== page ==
Our brewers employ no modern short-cuts and each brew is virtually handmade with an all-malt mash, in our handmade copper brewhouse; a veritable museum of the simple, traditional brewhouses of old. While we strive to practice the art of classical brewing, we employ state-of-the-art methods to ensure that our products are clean and clear, pure and fresh. Every bottle and keg of our precious beer is kept under refrigeration at the brewery, and at the warehouse of your local distributor. We know of no brewery in the world that matches our efforts to combine traditional, natural brewing methods with the most careful and modern methods of sanitation, finishing, packaging and transporting.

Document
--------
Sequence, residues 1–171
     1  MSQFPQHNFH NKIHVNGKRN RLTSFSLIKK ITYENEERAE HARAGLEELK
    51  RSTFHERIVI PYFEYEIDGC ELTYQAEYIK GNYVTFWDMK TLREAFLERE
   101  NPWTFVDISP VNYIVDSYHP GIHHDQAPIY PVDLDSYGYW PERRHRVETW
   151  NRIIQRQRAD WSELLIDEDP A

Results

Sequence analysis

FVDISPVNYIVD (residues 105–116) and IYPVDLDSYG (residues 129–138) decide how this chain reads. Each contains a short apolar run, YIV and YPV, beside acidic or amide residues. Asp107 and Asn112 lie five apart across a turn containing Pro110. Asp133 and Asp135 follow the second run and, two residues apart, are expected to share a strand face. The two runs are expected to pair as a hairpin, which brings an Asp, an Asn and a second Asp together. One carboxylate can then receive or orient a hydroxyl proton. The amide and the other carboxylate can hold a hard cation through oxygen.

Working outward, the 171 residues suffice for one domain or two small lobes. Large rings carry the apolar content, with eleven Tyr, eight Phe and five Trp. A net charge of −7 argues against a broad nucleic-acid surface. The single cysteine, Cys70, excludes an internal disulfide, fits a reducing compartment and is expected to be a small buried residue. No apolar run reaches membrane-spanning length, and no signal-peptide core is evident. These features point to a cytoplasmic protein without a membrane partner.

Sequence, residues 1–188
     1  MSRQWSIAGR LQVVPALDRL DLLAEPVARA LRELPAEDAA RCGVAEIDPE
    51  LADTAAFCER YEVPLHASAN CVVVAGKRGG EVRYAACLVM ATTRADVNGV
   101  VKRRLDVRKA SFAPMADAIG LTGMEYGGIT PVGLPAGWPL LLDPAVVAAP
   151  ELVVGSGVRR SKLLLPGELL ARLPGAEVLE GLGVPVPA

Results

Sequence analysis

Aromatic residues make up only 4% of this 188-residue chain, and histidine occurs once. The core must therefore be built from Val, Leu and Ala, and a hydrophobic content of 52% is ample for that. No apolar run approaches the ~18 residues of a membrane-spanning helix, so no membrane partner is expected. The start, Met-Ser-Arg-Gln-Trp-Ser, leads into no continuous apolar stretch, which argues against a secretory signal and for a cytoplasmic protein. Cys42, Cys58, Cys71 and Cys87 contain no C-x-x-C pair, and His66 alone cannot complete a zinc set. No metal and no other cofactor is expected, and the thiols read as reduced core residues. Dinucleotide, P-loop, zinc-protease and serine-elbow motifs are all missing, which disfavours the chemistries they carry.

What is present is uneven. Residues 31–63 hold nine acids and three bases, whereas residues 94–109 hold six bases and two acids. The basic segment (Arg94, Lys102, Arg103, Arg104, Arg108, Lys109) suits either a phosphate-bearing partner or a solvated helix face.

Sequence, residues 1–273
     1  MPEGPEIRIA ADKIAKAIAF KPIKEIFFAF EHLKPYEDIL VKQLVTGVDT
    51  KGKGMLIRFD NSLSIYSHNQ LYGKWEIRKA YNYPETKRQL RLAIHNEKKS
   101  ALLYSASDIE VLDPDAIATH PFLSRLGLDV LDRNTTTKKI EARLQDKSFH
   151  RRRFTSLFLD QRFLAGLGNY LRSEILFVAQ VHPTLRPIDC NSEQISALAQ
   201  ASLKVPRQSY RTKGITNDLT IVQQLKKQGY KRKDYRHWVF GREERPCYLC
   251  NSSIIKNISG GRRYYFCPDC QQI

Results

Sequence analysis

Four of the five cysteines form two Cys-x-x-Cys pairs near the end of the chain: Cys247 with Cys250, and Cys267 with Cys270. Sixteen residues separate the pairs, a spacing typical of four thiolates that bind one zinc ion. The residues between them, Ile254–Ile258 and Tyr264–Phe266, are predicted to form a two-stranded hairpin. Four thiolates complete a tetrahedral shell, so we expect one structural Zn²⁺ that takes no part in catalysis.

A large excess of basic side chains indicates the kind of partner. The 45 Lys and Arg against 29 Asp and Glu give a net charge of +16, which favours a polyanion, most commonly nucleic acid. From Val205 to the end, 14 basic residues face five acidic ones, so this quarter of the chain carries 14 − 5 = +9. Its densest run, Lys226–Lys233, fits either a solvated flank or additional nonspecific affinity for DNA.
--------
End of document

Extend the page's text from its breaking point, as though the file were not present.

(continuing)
Growth continued, and by 1982 the company was selling 28,500 barrels in 20 different states. In 1983, Anchor had more than $3 million in sales. Although these sales did not amount to much in the $30 billion, 177 million-barrel U.S. brewing industry, competing on a grand scale was never Maytag’s intention. Anchor produced less each year than the industry’s two giants—40.3 million-barrel Miller Brewing Company and 54.3 million barrel Anheuser-Busch Company—produced in a few hours. In keeping with Maytag’s goal of modest growth, by 1985 the company had 14 full-time employees. By 1988, Anchor brewed about 44,000 barrels annually with sales of $5.3 million.